A meteorologist at an Oklahoma City television station is receiving intense criticism after telling viewers to get in their cars and try to flee from the tornadoes that hit on Friday, May 31, 2013. Mike Morgan, chief meteorologist at KFOR in Oklahoma city, can be heard several times warning viewers to “go south” from certain parts of the Oklahoma City metro area as a violent thunderstorms that was producing a tornado approached from the west.
Some people said they followed his advice and ended up stuck in traffic jams on major central Oklahoma highways as a massive storm bore down on the Oklahoma City area.
The result was a “nightmare” on the roads, Oklahoma Governor Mary Fallin said, exacerbated by some employers letting people off early from work to beat the rush hour on Friday.
Tornadoes and flooding from the Friday storms killed 20 people, the chief Oklahoma medical examiner’s office said on Wednesday in its latest update of fatalities. Fallin said some people were sucked from their cars and some vehicles tossed from the roads.
Commentary by Fred Campagna – During my 14 years on television I covered many severe weather situations. It is a daunting task to provide critical, potentially lifesaving, information to viewers when a severe thunderstorm or tornado is bearing down on your viewing area. This situation was particularly life-threatening, and I believe Morgan, an experienced chief meteorologist, was giving what he thought was the best advice to keep his viewers safe from the approaching storm. Keep in mind, just a couple of weeks earlier the historic Moore, OK tornado had a obliterated everything in its path. Some who sought shelter above ground were killed by that tornado. It’s possible that Morgan had that fresh in his memory and felt that there was time for his viewers to get out of harm’s way.
Early in the above video, you can hear Morgan saying “no one should be traveling westbound out of Oklahoma City on I-40”. This is good advice as the record 2.6 mile wide tornado was heading down that highway. Correct me if I’m wrong, but I believe that is where most of the tornado-related fatalities occurred. During the rest of the video, Morgan is telling viewers in the southern and southeastern parts of the OKC metro area to head south. Two smaller tornadoes (F1 and F0) ended up forming in those places, and many people were put in harm’s way by the bad advice. Unfortunately, for Morgan, he made a very poor decision in telling viewers to try to escape a tornado without much time to spare. In my opinion, the approaching storm was too close to advise the public in those areas to do anything but hunker down and try to ride it out. However, if the fatalities occurred near I-40, where Morgan was giving sound advice, than I think he is being made the scapegoat.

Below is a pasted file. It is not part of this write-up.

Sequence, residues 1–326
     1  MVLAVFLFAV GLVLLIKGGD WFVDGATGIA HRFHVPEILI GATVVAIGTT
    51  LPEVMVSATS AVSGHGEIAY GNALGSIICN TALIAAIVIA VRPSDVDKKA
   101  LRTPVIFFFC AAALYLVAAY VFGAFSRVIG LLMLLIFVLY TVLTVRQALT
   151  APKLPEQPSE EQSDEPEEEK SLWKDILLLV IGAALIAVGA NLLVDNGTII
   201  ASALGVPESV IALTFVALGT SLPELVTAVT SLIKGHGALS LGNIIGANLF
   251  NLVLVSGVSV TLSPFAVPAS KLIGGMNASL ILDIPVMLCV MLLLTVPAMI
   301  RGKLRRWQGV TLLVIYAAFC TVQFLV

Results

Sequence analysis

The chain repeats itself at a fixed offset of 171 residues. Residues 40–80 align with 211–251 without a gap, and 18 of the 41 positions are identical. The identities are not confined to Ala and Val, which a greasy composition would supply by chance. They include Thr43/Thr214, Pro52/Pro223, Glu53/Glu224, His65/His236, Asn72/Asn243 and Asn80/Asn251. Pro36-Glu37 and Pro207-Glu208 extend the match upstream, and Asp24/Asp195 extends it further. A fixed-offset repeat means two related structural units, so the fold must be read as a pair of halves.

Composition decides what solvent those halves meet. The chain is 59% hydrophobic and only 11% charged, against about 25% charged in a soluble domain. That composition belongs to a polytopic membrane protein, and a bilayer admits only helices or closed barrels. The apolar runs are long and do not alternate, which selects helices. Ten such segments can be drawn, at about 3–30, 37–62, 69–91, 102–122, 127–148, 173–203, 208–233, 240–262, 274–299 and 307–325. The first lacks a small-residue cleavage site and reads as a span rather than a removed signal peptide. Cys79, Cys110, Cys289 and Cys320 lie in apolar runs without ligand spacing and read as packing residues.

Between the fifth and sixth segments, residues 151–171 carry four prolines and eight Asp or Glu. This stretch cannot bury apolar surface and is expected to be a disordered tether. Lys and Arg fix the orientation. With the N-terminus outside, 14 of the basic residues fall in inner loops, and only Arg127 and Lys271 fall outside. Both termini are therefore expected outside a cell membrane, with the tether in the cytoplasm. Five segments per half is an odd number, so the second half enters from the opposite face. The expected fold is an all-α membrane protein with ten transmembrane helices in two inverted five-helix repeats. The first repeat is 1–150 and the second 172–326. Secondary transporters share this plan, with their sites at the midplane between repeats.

Did Mike Morgan give bad advice by telling viewers to flee from areas including Yukon, Oklahoma City and Midwest City? Yes. The tornado and dangerous thunderstorm was so close and unpredictable that being caught in traffic was a very dangerous situation. A car is a far more dangerous place to be than a house when a tornado approaches.
Did Mike Morgan’s actions lead to the traffic jam on I-40 where the El Reno tornado hit and killed several motorists? Admittedly, I am not privy to the information on where the fatalities occurred. I see no evidence of Morgan telling viewers to head anywhere but away from the approaching El Reno tornado. In fact, he can be heard clearly advising viewers to stay away from I-40.
Is Mike Morgan being made a scapegoat for the unfortunate events of May 31, 2013? Possibly. There are also reports that many businesses let employees out early because of the storm threat. There were an inordinate amount of storm chasers following this storm – including several that were hit, and three that were killed, by the tornado as they tried to flee. While there is little doubt that advising viewers to flee a nearby tornado is poor judgement, Morgan’s advice may not have directly contributed to the traffic jams and those people most severely impacted by the El Reno tornado.